The UMMAA curates a small collection of Navajo weavings made from late 19th to the late 20th century. Robert Warner, the former director of the Bentley Library, purchased this small, finely woven textile in 1970. Unfortunately, we do not have information on the weaver’s name. Woven on a simple upright loom, this rug exhibits the elegant symmetry characteristic of many Navajo weavings. If you look closely in the upper right corner of this photo, you can see a single woven white line extending out through the black band that frames the textile. This line is called ch’ihónít’i (“way out” or “road”). In English, this is often described as a “spirit-line” or “spirit pathway.” The purpose of the ch’ihónít’i is to create a break in the design, through which a weaver can spiritually separate herself from her textile before it is sold.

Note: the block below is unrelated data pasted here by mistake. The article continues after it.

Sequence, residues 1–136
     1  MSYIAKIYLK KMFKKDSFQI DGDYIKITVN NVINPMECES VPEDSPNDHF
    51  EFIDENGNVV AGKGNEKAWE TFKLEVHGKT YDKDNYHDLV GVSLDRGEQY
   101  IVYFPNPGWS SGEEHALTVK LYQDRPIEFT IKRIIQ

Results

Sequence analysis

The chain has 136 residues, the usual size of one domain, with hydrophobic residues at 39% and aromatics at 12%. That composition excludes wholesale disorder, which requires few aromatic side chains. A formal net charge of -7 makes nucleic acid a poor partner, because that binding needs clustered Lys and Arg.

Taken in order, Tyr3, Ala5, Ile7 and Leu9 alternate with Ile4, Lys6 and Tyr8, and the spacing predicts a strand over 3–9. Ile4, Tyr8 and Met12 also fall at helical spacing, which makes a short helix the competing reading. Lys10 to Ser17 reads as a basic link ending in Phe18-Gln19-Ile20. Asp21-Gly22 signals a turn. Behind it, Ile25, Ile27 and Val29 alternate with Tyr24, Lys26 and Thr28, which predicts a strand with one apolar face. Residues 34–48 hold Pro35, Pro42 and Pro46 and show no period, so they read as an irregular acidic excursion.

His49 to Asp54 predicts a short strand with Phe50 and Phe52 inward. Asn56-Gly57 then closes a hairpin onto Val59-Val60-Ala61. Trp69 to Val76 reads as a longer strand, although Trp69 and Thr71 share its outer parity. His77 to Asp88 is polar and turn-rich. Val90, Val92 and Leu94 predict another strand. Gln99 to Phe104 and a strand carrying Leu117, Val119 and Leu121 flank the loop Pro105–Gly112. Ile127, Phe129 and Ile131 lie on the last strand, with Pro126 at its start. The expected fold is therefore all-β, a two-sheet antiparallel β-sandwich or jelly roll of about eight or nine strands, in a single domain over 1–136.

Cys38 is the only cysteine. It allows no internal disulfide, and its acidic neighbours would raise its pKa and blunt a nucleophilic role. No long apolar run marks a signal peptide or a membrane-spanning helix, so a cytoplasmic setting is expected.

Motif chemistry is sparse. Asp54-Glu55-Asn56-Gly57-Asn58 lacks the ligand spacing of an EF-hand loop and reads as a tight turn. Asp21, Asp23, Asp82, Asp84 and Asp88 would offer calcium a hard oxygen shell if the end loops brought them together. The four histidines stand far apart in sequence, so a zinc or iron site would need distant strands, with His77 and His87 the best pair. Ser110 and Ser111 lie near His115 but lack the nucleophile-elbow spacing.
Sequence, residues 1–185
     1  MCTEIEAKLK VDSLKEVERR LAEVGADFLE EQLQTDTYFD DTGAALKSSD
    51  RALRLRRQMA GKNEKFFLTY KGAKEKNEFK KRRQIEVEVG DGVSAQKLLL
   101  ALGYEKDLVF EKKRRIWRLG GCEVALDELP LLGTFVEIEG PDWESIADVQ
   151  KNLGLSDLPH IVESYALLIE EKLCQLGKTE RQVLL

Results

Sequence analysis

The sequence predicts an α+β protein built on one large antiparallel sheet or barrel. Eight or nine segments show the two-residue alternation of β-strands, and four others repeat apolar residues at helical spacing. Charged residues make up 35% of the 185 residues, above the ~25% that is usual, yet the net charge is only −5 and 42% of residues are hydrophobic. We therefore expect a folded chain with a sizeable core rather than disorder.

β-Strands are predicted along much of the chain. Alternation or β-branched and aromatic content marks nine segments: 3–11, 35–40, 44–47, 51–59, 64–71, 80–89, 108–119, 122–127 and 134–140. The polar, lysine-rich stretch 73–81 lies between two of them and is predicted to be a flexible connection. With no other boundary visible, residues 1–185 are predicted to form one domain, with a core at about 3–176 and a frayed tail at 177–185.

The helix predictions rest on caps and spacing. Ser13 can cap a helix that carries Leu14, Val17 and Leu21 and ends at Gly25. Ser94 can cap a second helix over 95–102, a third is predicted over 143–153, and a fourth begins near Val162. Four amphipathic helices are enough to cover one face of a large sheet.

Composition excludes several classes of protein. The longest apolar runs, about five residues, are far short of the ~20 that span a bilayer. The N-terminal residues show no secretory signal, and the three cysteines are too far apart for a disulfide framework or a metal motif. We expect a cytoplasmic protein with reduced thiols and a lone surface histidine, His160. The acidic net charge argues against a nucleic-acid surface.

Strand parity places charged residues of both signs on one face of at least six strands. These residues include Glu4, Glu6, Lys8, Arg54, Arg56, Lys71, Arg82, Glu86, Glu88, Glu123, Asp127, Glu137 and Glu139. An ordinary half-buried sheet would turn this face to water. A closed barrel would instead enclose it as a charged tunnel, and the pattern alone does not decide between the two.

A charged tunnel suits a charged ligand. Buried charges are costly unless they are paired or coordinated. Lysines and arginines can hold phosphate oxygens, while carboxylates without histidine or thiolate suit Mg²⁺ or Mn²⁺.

In honor of the University of Michigan’s 2017 bicentennial, we are celebrating the remarkable archaeological and ethnographic collections and rich legacy of research and teaching at the Museum of Anthropological Archaeology by posting one entry a day for 200 days. The entries will highlight objects from the collections, museum personalities, and UMMAA expeditions. The Kelsey Museum of Archaeology is also posting each day for 200 days on Twitter and Facebook (follow along at #KMA200). After the last post, an exhibition on two centuries of archaeology at U-M opens at the Kelsey. Visit the exhibit—a joint project of the UMMAA and the Kelsey—from October 18, 2017 to May 27, 2018.